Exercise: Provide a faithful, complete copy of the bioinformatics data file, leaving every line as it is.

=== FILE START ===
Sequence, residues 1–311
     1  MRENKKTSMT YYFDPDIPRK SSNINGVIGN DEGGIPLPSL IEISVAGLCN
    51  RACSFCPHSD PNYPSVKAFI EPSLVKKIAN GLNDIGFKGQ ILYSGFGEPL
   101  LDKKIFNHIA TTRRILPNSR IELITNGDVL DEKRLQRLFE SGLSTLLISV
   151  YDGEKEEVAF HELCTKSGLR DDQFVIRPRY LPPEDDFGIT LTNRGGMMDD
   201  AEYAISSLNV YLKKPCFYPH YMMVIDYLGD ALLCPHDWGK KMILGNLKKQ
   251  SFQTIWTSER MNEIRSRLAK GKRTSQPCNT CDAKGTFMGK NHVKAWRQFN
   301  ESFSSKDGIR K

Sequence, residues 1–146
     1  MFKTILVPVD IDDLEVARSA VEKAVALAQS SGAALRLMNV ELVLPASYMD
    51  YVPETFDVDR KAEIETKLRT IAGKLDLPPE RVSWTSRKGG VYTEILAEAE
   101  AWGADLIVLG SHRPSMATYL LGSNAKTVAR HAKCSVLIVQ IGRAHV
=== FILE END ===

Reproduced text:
Sequence, residues 1–311
     1  MRENKKTSMT YYFDPDIPRK SSNINGVIGN DEGGIPLPSL IEISVAGLCN
    51  RACSFCPHSD PNYPSVKAFI EPSLVKKIAN GLNDIGFKGQ ILYSGFGEPL
   101  LDKKIFNHIA TTRRILPNSR IELITNGDVL DEKRLQRLFE SGLSTLLISV
   151  YDGEKEEVAF HELCTKSGLR DDQFVIRPRY LPPEDDFGIT LTNRGGMMDD
   201  AEYAISSLNV YLKKPCFYPH YMMVIDYLGD ALLCPHDWGK KMILGNLKKQ
   251  SFQTIWTSER MNEIRSRLAK GKRTSQPCNT CDAKGTFMGK NHVKAWRQFN
   301  ESFSSKDGIR K

Sequence, residues 1–146
     1  MFKTILVPVD IDDLEVARSA VEKAVALAQS SGAALRLMNV ELVLPASYMD
    51  YVPETFDVDR KAEIETKLRT IAGKLDLPPE RVSWTSRKGG VYTEILAEAE
   101  AWGADLIVLG SHRPSMATYL LGSNAKTVAR HAKCSVLIVQ IGRAHV